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Scope, Completeness, and Accuracy of Drug Information in Wikipedia

Pharmacy Practice, College of Pharmacy-West Palm Beach, Nova Southeastern University, Palm Beach Gardens, FL 33410, USA.
Annals of Pharmacotherapy (Impact Factor: 2.92). 11/2008; 42(12):1814-21. DOI: 10.1345/aph.1L474
Source: PubMed

ABSTRACT With the advent of Web 2.0 technologies, user-edited online resources such as Wikipedia are increasingly tapped for information. However, there is little research on the quality of health information found in Wikipedia.
To compare the scope, completeness, and accuracy of drug information in Wikipedia with that of a free, online, traditionally edited database (Medscape Drug Reference [MDR]).
Wikipedia and MDR were assessed on 8 categories of drug information. Questions were constructed and answers were verified with authoritative resources. Wikipedia and MDR were evaluated according to scope (breadth of coverage) and completeness. Accuracy was tracked by factual errors and errors of omission. Descriptive statistics were used to summarize the components. Fisher's exact test was used to compare scope and paired Student's t-test was used to compare current results in Wikipedia with entries 90 days prior to the current access.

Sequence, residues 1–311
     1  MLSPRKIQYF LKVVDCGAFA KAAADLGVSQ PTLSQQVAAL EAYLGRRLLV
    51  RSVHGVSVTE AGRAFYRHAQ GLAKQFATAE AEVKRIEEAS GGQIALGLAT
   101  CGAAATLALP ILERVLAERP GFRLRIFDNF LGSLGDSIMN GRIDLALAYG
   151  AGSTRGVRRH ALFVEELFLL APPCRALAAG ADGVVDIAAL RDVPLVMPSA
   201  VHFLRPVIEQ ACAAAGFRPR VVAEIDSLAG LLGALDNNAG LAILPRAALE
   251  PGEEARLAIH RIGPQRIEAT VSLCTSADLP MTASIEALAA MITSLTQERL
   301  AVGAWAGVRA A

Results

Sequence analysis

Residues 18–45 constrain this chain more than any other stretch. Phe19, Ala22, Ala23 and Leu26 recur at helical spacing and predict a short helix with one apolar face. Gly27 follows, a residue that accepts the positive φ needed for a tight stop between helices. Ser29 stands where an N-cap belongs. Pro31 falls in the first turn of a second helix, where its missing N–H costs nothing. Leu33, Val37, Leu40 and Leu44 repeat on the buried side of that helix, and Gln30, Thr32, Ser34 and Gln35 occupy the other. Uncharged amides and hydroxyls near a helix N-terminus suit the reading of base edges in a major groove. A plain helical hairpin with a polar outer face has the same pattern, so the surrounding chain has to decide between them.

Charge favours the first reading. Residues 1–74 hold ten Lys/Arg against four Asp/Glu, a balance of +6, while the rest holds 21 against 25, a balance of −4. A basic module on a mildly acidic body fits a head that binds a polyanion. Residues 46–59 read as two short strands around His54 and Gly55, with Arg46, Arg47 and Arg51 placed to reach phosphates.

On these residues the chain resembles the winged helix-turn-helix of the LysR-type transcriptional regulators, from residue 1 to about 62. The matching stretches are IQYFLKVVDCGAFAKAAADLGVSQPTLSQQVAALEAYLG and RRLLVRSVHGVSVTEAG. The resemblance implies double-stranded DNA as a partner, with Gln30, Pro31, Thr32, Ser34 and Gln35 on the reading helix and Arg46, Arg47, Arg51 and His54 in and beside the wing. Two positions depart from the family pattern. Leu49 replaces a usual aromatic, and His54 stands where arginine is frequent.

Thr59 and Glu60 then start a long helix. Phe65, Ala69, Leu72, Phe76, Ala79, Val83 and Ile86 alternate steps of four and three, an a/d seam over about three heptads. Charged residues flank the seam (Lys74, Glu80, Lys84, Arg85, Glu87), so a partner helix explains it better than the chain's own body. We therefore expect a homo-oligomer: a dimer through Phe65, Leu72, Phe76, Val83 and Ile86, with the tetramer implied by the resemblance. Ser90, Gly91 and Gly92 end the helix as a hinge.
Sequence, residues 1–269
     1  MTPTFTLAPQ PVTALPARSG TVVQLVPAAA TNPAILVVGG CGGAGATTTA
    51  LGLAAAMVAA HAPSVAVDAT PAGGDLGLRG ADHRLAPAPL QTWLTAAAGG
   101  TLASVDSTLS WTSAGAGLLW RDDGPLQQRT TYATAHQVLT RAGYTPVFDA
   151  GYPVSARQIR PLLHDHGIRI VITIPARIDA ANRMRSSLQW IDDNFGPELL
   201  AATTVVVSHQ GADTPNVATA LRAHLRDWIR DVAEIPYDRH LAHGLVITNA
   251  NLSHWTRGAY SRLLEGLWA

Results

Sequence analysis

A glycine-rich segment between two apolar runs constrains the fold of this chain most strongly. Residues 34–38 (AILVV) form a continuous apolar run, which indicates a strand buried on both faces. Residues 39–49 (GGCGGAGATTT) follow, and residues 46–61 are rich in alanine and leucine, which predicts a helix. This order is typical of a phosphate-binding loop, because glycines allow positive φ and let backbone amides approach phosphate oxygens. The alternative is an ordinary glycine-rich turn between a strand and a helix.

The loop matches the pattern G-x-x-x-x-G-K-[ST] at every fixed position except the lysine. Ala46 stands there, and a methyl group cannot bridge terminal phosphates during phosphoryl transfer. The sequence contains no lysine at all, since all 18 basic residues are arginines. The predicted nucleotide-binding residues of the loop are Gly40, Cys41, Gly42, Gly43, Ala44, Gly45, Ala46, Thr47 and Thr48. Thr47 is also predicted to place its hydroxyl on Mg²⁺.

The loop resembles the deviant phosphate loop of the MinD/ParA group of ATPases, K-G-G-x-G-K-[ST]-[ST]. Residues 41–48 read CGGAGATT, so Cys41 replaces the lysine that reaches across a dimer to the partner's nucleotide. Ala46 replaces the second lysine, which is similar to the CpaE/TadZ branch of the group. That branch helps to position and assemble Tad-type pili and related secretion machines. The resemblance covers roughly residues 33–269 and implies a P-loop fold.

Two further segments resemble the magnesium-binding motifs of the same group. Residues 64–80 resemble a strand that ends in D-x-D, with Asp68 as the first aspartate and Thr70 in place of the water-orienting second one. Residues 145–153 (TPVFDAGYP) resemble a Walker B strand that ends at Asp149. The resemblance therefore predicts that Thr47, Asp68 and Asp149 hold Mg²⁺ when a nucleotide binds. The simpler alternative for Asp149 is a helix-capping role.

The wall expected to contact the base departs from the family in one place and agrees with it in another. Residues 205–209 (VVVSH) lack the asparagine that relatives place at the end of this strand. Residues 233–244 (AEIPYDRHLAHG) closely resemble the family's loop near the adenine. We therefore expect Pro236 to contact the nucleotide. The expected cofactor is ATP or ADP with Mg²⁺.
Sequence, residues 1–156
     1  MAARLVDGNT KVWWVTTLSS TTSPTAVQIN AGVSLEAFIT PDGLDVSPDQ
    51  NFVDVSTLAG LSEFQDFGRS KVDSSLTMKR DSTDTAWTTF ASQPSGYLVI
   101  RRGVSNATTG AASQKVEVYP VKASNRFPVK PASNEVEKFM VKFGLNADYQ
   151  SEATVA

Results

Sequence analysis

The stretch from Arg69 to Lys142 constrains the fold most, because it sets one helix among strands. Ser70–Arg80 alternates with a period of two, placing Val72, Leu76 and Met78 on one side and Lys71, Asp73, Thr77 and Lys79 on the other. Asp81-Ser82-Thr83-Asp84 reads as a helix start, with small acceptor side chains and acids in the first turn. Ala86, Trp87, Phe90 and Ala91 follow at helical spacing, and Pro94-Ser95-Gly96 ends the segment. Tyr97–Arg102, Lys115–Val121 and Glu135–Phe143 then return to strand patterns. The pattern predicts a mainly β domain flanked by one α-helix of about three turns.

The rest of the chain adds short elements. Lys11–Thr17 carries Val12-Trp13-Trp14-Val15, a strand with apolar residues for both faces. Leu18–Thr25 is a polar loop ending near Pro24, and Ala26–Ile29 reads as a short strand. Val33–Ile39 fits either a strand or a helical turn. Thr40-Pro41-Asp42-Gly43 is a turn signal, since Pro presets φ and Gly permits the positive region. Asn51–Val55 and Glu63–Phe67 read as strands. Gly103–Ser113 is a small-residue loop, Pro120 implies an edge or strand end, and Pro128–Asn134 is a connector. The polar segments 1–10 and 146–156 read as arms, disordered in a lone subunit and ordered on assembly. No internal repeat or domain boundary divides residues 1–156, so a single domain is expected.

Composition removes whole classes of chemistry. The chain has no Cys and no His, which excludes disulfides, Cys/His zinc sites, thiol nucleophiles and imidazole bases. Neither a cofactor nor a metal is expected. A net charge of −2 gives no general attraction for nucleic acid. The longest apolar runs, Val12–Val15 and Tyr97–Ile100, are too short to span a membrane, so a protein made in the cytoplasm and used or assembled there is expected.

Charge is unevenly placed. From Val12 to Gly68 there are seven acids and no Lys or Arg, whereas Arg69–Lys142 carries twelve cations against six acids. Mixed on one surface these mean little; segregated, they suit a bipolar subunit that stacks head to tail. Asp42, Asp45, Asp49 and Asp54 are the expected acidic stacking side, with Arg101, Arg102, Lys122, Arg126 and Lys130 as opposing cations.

Wikipedia was able to answer significantly fewer drug information questions (40.0%) compared with MDR (82.5%; p < 0.001). Wikipedia performed poorly regarding information on dosing, with a score of 0% versus the MDR score of 90.0%. Answers found in Wikipedia were 76.0% complete, while MDR provided answers that were 95.5% complete; overall, Wikipedia answers were less complete than those in Medscape (p < 0.001). No factual errors were found in Wikipedia, whereas 4 answers in Medscape conflicted with the answer key; errors of omission were higher in Wikipedia (n = 48) than in MDR (n = 14). There was a marked improvement in Wikipedia over time, as current entries were superior to those 90 days prior (p = 0.024).